How Airline Apathy Explains the Need for School Choice

If you’ve ever been stranded at an airport — or gotten involved in a debate over school choice — you can certainly empathize with Frederick Hess, director of education policy studies at AEI.

In a sarcastic and slightly cranky opinion piece, Hess details a bad stroke of luck with American Airlines that ultimately prevents him from delivering an important lecture despite trying every maneuver possible to rebook flights, book car rentals, and hightail it through an airport.

So I bolted off the plane, asking the ‘helpful’ lady guiding us to our transfer gates to please just let the gate know I was coming (she said she would). I didn’t make it. Well, by dashing up and down escalators and such, I actually made it there just in time, barely 10 minutes before departure—but the agent had already closed the door and was nowhere to be found. The idle American agent at the gate 20 feet over didn’t much care, even though an impartial third party might’ve thought I merited at least a modicum of consideration—given that I’d spent a big chunk of my day trying to juggle air reservations and rental car plans to accommodate American’s struggles.”

This kind of experience, unfortunately, isn’t all that rare. Travelers get the raw end of the deal at the mercy of airlines all of the time – even though they are paying for their airline ticket and trusting said airline with delivering them in a safe and timely manner.

So why is Hess’ experience important?

Because he makes an analogy that is an excellent window into the experience of many parents when it comes to their children being stranded in a school system that drops the ball time and time again. Only with education, the stakes are much, much higher, as Hess notes.

I’m annoyed today less because my flights were goofed up (which happens), and more because no one who works for the airline seems especially interested in doing anything about it. I would feel infinitely more chipper if I felt like someone really wanted to help ensure that the problem got solved. Instead, I’m staring at the face of a big, bureaucratic morass, a face which displays a remarkable lack of passion for doing the job well.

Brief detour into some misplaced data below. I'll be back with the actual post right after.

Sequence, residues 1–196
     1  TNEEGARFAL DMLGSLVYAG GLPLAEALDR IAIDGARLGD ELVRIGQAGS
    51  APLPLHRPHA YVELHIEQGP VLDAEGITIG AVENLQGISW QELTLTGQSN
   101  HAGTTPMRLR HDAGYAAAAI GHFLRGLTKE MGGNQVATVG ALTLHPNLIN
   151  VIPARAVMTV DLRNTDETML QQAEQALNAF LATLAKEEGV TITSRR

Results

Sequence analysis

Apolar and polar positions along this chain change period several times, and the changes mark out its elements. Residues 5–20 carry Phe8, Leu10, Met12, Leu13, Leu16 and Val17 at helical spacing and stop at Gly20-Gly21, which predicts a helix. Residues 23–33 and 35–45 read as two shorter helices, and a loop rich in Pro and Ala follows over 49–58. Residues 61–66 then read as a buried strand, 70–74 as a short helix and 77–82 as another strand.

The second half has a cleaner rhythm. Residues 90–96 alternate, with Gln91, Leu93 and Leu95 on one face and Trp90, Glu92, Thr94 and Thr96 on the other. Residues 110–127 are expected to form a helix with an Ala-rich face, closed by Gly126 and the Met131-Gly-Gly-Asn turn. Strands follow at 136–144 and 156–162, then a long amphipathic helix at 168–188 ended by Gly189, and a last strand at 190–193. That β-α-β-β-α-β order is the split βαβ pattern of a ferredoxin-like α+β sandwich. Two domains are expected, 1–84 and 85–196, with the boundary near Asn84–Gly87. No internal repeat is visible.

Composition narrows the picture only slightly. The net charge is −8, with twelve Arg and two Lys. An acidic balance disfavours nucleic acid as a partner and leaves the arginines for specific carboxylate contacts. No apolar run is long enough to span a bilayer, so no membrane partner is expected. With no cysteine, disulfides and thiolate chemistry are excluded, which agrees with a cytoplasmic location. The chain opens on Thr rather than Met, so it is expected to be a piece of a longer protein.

This happens time and again when it comes to big bureaucracies. Nobody seems all that concerned about helping out, preferring instead to spout lots of stuff about policy and procedure. We can never get hold of anyone who really seems to be in charge, and it can feel like the whole process is devoid of accountability or genuine human concern.

This frustration is at the heart of the school choice debate.

The bureaucracy of public education has been attacked and debated for years. There’s no changing that. And with bureaucracies of all kinds being laden with deficiencies, it’s not a surprise that education is also a victim.

As Ronald Reagan so aptly noted,

Every once in a while, somebody has to get the bureaucracy by the neck and shake it loose and say ‘stop what you’re doing.’

But it’s important that we not throw our hands up and end on a pessimistic, fatalistic view of education. The variable that Hess highlights is crucial to understanding the motive of school choice advocates – and the ability to improve Big Education by employing educators who work with passion and purpose. It’s not a question of for-profit motives, it’s about finding “smaller, more human-sized” school systems:

Hess is a physical traveler just as all parents navigate schools in the hopes of providing the best education possible to their children. If he had been given some semblance of genuine effort to help him reach his destination, Hess could have made his flight. Or even if he didn’t, he could have walked away knowing the best attempt was made by American Airlines to uphold their end of the deal.

That’s not asking too much, is it?

Likewise for parents, school children ought to be given every opportunity to receive the best education, not just the one they are stuck in because that’s where Mom or Dad pays rent or their mortgage. When kids are not afforded that opportunity because the bureaucratic mess of Big Education gets in the way and their education fails them, Mom and Dad become cranky too. Or downright angry, and justifiably so. Because we all know how important education is for setting a child up to pursue happiness and success.

What we all want, I think, in an airline—and a hundred times more in a school—is that professionals exhibit a passion for doing their job well. For figuring out smart ways to solve problems. For execution.

As for the children who’ve had the benefit of school choice, but still fail? Well at least they had access to their best shot. Just as flights will be missed, children will fail. There are countless reasons why. But having the confidence that every effort was made on his or her behalf is a whole lot more palatable than watching employee after employee halfheartedly clock in and out with no desire to help you reach your final destination.

Education Department Employee Mantras to Save The Children

With every presidential election comes a discussion about the abolition of unpopular federal agencies. Usually the Environmental Protection Agency and the Education Department are at the top of the list.

But with each new administration, the federal bureaucracy revs up to go full tilt. With President-elect Donald Trump’s selection of Betsy DeVos to be education secretary, the Education Department is likely not going anywhere, but it does have a good chance of refocusing on different priorities, including competition and choice in education.